Do not go down when you are not aware

Many times, instead of feeling like you are in a fast flow, you feel like you are stuck in the sad mud of a swamp. Instead of dwelling on your work, focus on obsessive Facebook and Words with Friends. “No problem,” Cutler says. You want to be as current as possible, but it is not realistic to always be there. Most streaming sessions do not last more than an hour and a half. “Chemicals involved in the process, especially dopamine, have a short lifespan,” he says. And then, “Your body and mind need that time to heal.” In addition, if you never feel anxious or bored, you will have no motivation to challenge yourself. That’s why Cutler favors procrastination. “There is a lot of cultural implication about procrastination, but it is actually an important part of the process, at least in terms of work. You are procrastinating until there is enough pressure to put it into your project. ( Oh ! An excuse for my ridiculous procrastination ! )

Flow

Create a feedback system

Csikszentmihalyi says that immediate and continuous feedback is an important component of the flow. Some jobs and activities have feedback. Think of a surgeon, for example. A wrong cut has immediate consequences. Teachers can see if their students are raising their hands or falling asleep. And accountants know that if their numbers do not add up, they can recalculate. But for other activities – especially mental ones like advertising, writing and art – the feedback is not clear. “In these cases, you have to create a really good bull detector,” says Csikszentmihalyi. “This is the easiest way I can express it. If you are writing, the lines should click in your mind. If you are making music, the notes should be true for you.” However, there are a few other tangible feedback solutions you can try:

  • Make a list of small things you need to do.

Include things like “write an introduction” or “start page 2” or “complete three paragraphs” instead of “do the report.” Cross the lines of your list as you offer inherently satisfactory feedback to the stream.

  • Impose deadlines on yourself

Similar to the to-do list, setting deadlines (“come up with three marketing ideas by 1pm”) is your feedback system.

  • Working with a partner

Establish regular checks with a friend or co-worker to review each other’s work and provide feedback.

Try an intense (somewhat) extreme sport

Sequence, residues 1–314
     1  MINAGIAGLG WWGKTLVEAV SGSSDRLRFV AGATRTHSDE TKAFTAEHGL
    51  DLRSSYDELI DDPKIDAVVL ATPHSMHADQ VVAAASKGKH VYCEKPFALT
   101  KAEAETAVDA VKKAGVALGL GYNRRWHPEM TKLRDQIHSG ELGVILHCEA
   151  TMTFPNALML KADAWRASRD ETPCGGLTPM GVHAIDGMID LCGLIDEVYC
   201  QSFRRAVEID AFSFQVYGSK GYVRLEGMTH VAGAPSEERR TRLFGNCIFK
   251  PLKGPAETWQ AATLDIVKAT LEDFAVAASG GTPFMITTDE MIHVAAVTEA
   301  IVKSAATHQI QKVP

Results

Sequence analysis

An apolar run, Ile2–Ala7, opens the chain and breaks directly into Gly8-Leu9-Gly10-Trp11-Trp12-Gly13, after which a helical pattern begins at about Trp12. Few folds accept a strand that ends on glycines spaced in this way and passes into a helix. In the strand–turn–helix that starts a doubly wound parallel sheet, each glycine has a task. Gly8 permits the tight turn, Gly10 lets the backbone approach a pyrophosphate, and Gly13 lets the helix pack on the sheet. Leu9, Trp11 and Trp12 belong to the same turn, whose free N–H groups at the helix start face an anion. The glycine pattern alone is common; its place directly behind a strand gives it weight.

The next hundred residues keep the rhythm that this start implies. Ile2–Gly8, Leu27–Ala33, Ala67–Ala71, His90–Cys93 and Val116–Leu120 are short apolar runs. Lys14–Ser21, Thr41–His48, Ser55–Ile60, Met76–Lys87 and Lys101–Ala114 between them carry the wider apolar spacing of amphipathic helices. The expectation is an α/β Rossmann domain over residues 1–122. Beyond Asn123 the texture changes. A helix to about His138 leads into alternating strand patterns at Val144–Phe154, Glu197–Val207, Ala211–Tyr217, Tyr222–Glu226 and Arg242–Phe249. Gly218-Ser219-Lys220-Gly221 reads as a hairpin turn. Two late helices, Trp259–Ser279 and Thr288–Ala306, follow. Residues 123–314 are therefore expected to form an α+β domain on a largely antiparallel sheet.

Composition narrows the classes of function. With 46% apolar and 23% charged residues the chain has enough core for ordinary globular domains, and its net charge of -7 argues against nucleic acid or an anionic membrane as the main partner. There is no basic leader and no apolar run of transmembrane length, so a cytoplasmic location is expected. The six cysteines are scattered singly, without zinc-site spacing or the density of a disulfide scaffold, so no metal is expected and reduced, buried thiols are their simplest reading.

Flow has traditionally been studied among elite athletes who participate in action-adventure sports such as rock climbing, surfing, skiing, snowboarding, skateboarding, mountain biking and trapeze. First, they all conform to the definition of autoclave activities. There is no reason to do them, except that you may find them enjoyable. Second, they all have a strong internal feedback system. If the arm you put on it cannot support your weight, immediately notice it and look for another footprint on the rock. If you ignore the swelling for half a second and do not catch the wave, you will learn to start paddling earlier in the next round. Minimize a mogul on the slopes, and the result can be dangerous. Etc. Constant feedback does / does not work – and the potentially dangerous consequences of not doing so – will catch your attention. “It’s almost impossible not to be completely absorbed. Cutler, who rides, skis or bikes in the mountains at least once a week, says there is a deep sense of visualization. However, you do not need a BASE-jump to find this stream for yourself. Go to a mountaineering club where you can safely fall behind, or if you have never skied, try Rabbit Hill. (Endurance exercises such as running and swimming, while great for your overall health, stimulate less current because their regular rhythm allows you to get out of the area instead of zeroing in.)

Have a specific goal

Yes, some activities are fun in themselves and have no end in sight. But even everyday activities can sometimes become a clear and motivating goal in your mind. The goal of “saving the world” does not have to be great. A simple phrase “reach your deadline” or “identify and contact five potential investors” is enough. Without purpose, say goodbye to focus. And say hello to Pinterest or Instagram or your distraction.

Tap your character’s strengths

It flows easily when we work on our innate talents and values. Dr. Martin Seligman, one of the founders of the Positive Psychology movement, identified 24 “strengths” that include curiosity, fairness, critical thinking, social intelligence, perseverance, humor, and courage. If you are a person for whom “teamwork” is a strength, you will have difficulty finding work flow alone or in individual activities. If “love of learning” is not on your list of strengths, research is probably not the best place to find you’re current.

Fight your prejudice against work

When we think of getting lost in an activity, we often think of leisure activities first: gardening, spending time with our children, watching movies, or cycling. But Shernoff says research shows that the flow actually happens more in the workplace, where we are exposed to challenges and pressures. But the more we think of work as a tedious commitment, the harder it is to get in and enjoy the flow. “If you do not pay attention, you can miss opportunities,” says Csikszentmihalyi. He tells the story of a fishmonger he once met in New York City: “His goal was to provide his customers with the best, freshest and most delicious fish. He talked about how he could find the best way to separate the bones and fillet each salmon. How he tried to cut the slices as thin as possible. How each fish was a new puzzle that he had to decipher? He took his job seriously and had hundreds of customers who please come to the opening time. “He got into a job that many found disgusting.

Csikszentmihalyi says, and this is the real challenge: to find the flow in every aspect of our lives, whether running an office or ironing shirts.